As she’s done all season long, Riley Donnelly drag-flicked a shot toward the cage after Maryland field hockey drew a penalty corner. And as had been the case all match long for the Terps, her shot — with 20 seconds left in regulation — missed the mark.
When the clock read zero, coach Missy Meharg greeted Iowa coach Lisa Cellucci on the sideline. Cellucci’s Hawkeyes pulled off a dominant 3-0 thrashing of Maryland to knock the Terps out of the Big Ten tournament.
“I told her I hope she wins it,” Meharg said. “She is a phenomenal person.”
It was a struggle on offense for No. 9 Maryland (8-7). For the first time since Oct. 20, 2007, the Terps didn’t register a single shot on goal.
The damage started early. Less than five minutes into the match, No. 4 Iowa (11-4) drew the match’s first penalty corner and found the back of the net.
The Hawkeyes’ Nikki Freeman stopped Leah Zellner’s defensive intervention with her stick, allowing Ellie Holley to fire a shot past a diving Noelle Frost. And Iowa celebrated on its home pitch, but not for the last time.
A minute later, the Terps responded with a penalty corner of their own. After an initial shot was deflected, a Kyler Greenwalt follow-up shot was also cut off by the Hawkeyes.
“Maybe we didn’t do all we could,” Greenwalt said. “I think their defense was the same the last three times we’ve played them now.”
And the fast start for Iowa continued. After breaking up a Maryland push downfield, Esme Gibson found Alex Wesneski, who pushed another shot past Frost — the second Hawkeyes goal in two minutes, giving them a 2-0 lead.
The Terps had only allowed two first-quarter goals all season. And it matched that only seven minutes into its opening Big Ten tournament match.
“Iowa is a very powerful team and dominated from the get-go in the first 15 minutes,” Meharg said. “That really set the tempo for the match.”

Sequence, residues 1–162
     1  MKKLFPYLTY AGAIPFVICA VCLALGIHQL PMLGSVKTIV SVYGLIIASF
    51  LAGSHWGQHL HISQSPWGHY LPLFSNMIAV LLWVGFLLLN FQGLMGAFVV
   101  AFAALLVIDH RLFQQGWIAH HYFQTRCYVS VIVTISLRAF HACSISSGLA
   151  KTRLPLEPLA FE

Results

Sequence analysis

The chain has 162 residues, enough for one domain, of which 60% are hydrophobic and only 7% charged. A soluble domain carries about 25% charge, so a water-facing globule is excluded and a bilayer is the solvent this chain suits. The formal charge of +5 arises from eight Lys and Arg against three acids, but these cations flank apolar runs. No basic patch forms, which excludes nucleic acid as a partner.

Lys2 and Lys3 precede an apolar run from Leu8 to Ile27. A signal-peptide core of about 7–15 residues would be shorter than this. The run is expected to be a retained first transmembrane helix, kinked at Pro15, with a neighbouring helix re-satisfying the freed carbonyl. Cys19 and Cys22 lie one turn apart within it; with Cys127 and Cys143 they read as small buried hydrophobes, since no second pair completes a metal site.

Maryland’s attack did look strong early, drawing another penalty corner on the other end of the pitch. Still, nothing was getting by Iowa’s defensive corps.
In the final minutes of the opening period, a green card was called against the Hawkeyes. But Iowa wouldn’t let the Terps benefit from their power play, controlling the ball deep on their side of the pitch and keeping it away from an anxious Maryland attack.
“We had been playing several games in a row with sustained passing,” Meharg said. “And today, our passing was behind everybody. We were passing into people’s back feet.”
Iowa wasn’t done scoring. Before Maryland even took a shot, the Hawkeyes scored once again.
Gibson sent a long, sharp shot in the direction of the cage. And in the blink of an eye, the ball was behind Frost.
The Terps’ Nathalie Fiechter tried to swat the ball away with her stick. But Wesneski was there to deflect Gibson’s flick into the goal — giving Iowa a commanding 3-0 advantage.
Nothing seemed to be going Maryland’s way in the first half. Eventually, Taylor Mason knocked down the ball and set herself up with a relatively open shot. However, it was off the mark, sailing wide left of the cage.
As the Terps headed to the intermission, they faced their largest halftime deficit of the entire season. Maryland had only let up three goals in an entire match twice this season. And it had already done so by the end of the second quarter of its Big Ten tournament quarterfinal.
“It’s not like we don’t know the defenders and know their styles,” Greenwalt said. “We just kind of have to learn from this experience and move forward.”
Just over six minutes into the second half, the Terps drew their third penalty corner of the match. But again, Maryland missed, as the shot from Maura Verleg was wide.
A late Brooke DeBerdine near set-up was one of the only chances Maryland had created to try and break down the Iowa lead, but they were few and far between and the Terps came crashing out of the tournament.
“I couldn’t be more proud of the memories with this team over so many years of just what you know to be a regular season,” Meharg said. “There’s nothing regular about what we’ve done.”
Although Maryland sits at No. 9 in the National Field Hockey Coaches’ Association poll, only 12 spots are open in the NCAA tournament.
With a handful of teams earning auto bids from conference tourneys, the Terps will have to hope their resume can stack up with the competition if their season continues.
“I honestly wouldn’t want to go through this journey with anyone else,” Greenwalt said. “Everyone’s just had everybody’s backs, and it’s very sad that we lost.”